After a few minutes I noticed that it was completely quiet, other than my meeting. Sometimes Kendall will sneak upstairs and hide in his tent but when I peeked around the corner I noticed he was standing in front of the bathroom door taking his clothes off. I knew that he needed to use the potty. Not wanting to miss out on the chance to have him use the toilet with obvious cues, I put my computer on mute and asked him if he needed to potty. He responded with a confident “yes!”so I grabbed his seat and put it over the toilet. I propped him up on the toilet, gave him some snacks and left the door open so he could see Curious Georgeplaying on the tv. Let’s be real, I was just hoping he would stay there for a few minutes so I could get some work done. I went back to my meeting and had to take it off mute to join in the conversation.
Then my phone rang and it was the UNC therapy office that we had just left. Normally I would have let it go to voicemail but because we had just left I thought there may be a specific reason they were calling me so soon. I thought maybe I left something important behind so I put my meeting back on mute and answered the phone. Lo and behold it was the financial counselor calling to collect my monthly payment towards Kendall’s monstrous bill. Of course, it was the bill guy. If you know me well, you know I rarely ever answer my phone for a call. And this is exactly why. As I’m pulling out my wallet to pay the bill I hear, “Mommy!! All done!”I run back around the corner with my phone on my ear and my wallet in my hand and there is Kendall. Standing in a huge puddle of pee and 3 large piles of poop. He’s completely naked with a baseball hat on backwards grinning like a Cheshire cat. I panicked but kept my composure. After all I was on the phone with this random guy and I didn’t want to scream “Holy $h!t”in his ear. Like, that’s literally what I was looking at. My meeting is still happening in the background and I’m praying that they don’t call my name to ask me a question. The bill guy is taking forever to pull up my account and I was super close to saying“Dude, I can’t do this right now. I’m in a meeting and have a kid covered in crap I’ve gotta clean up.”But I didn’t. I held Kendall’s hand to prevent him from running through the house, gave the guy my card number and hung up. Kendall needed an immediate bath so I carried him up the stairs by his hands and swung him in the tub. I ran his butt under the water and gave him the fastest bath ever, all the while praying my boss isn’t wondering what happened to me. I got him dressed and took him back downstairs so I could clean up the bathroom and then finish my meeting.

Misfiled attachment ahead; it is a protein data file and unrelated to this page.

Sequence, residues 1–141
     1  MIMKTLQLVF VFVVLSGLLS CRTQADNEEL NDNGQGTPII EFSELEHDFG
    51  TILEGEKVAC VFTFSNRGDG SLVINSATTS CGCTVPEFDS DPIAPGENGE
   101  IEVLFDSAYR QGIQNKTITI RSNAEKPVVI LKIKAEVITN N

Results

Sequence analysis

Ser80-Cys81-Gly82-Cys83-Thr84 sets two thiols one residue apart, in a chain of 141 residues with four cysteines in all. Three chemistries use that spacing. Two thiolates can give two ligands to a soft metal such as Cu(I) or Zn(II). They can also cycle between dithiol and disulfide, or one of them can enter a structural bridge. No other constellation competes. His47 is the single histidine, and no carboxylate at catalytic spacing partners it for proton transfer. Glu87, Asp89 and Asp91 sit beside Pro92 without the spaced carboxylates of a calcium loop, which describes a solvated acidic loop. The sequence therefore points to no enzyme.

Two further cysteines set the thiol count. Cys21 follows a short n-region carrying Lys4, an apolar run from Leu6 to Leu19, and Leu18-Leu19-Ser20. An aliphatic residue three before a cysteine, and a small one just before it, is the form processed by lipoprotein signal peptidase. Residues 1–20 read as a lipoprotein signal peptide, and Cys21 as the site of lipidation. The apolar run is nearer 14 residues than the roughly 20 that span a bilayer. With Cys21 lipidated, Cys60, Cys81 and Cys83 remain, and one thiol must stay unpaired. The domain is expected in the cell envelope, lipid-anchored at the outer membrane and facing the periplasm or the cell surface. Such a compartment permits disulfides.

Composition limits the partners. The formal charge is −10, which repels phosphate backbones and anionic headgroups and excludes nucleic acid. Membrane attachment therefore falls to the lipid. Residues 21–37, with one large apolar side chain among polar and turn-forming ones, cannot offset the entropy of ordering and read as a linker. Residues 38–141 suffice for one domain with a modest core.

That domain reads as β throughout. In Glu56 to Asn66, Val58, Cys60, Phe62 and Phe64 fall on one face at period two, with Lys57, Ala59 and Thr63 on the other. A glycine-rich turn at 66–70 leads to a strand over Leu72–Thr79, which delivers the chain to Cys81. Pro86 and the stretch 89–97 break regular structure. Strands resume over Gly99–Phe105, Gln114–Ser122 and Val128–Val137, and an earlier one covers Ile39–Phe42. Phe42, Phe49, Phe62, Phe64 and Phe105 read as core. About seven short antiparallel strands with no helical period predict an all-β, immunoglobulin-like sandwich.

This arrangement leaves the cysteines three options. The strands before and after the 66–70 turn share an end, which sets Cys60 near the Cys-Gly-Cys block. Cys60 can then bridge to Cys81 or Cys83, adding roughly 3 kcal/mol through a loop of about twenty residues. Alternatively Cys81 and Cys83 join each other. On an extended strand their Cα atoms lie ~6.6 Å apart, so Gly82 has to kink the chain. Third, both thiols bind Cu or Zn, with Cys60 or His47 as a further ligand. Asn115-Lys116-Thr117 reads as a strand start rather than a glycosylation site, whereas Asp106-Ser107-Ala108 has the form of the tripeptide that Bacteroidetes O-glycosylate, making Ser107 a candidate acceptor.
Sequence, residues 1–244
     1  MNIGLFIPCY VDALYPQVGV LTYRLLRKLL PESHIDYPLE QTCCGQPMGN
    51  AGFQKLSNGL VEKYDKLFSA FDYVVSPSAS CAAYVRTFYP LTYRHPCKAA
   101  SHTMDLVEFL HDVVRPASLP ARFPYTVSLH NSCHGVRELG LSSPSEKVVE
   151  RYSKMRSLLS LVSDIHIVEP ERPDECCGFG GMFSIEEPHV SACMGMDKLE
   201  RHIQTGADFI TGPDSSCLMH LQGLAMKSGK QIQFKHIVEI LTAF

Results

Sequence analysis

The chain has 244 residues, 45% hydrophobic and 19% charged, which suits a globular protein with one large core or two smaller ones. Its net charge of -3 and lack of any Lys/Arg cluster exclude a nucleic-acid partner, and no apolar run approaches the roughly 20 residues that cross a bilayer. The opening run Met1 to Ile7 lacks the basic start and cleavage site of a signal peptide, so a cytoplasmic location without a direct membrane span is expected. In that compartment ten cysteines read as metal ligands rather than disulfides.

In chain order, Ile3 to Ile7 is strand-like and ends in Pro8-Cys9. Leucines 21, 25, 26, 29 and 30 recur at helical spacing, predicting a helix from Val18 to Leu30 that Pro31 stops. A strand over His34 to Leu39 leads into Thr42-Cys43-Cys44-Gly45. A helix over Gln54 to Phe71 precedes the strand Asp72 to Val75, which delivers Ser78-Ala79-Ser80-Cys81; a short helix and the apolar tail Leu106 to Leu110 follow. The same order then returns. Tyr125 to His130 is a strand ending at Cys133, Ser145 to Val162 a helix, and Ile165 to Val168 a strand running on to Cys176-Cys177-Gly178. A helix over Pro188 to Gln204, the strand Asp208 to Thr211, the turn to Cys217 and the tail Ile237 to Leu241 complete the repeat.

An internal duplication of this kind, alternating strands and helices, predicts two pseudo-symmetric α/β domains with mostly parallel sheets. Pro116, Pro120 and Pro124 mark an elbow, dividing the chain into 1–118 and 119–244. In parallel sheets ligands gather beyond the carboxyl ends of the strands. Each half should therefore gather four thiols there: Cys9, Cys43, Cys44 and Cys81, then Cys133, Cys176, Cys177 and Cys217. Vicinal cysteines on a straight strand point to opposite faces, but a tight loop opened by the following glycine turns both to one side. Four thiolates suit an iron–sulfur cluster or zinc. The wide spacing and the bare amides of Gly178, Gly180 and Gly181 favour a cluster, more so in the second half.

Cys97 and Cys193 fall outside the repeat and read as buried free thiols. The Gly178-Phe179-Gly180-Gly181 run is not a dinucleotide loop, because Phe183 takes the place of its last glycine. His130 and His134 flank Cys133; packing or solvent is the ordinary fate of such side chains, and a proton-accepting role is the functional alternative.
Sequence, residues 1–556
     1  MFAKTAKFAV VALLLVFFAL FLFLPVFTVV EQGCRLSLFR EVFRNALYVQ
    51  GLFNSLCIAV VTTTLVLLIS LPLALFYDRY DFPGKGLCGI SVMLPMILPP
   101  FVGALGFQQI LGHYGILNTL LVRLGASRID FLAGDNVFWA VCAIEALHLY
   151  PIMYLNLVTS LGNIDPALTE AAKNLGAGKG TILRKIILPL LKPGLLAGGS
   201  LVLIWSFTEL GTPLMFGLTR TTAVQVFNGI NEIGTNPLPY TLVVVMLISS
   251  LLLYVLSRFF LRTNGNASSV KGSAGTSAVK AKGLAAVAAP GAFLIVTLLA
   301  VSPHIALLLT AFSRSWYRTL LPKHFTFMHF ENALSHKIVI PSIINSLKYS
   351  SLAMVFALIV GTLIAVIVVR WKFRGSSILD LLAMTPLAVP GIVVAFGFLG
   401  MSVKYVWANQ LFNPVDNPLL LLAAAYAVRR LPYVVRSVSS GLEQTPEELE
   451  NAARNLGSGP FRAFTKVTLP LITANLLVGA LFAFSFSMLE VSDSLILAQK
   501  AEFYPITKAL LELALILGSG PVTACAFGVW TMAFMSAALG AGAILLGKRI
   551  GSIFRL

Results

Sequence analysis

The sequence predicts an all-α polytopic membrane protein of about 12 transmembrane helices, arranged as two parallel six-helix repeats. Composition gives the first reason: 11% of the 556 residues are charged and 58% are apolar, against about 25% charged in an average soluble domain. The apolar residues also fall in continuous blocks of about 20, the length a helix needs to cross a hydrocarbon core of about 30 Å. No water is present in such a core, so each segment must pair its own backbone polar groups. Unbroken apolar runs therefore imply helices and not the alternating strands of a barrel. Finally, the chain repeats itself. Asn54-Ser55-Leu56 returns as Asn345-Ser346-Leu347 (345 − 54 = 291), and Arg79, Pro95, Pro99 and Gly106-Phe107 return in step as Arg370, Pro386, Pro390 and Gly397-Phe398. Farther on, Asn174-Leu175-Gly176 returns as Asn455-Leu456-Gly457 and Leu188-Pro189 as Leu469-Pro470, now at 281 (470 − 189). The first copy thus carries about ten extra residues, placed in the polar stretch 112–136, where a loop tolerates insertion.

After it was all done and Kendall and I were resting on the couch, feeling fresh and clean, I couldn’t stop laughing at what that whole scene would have looked like to an outsider. And then I realized that it probably looked exactly like what anyone would expect of a working mom, multitasking at home alone with her toddler, trying to potty train. In that moment I was once again met with the reality that my expectations of Kendall should always remain high and no different than what they would be if he didn’t have Down syndrome. Kendall is doing exactly what he is supposed to be doing and he is right where he is supposed to be.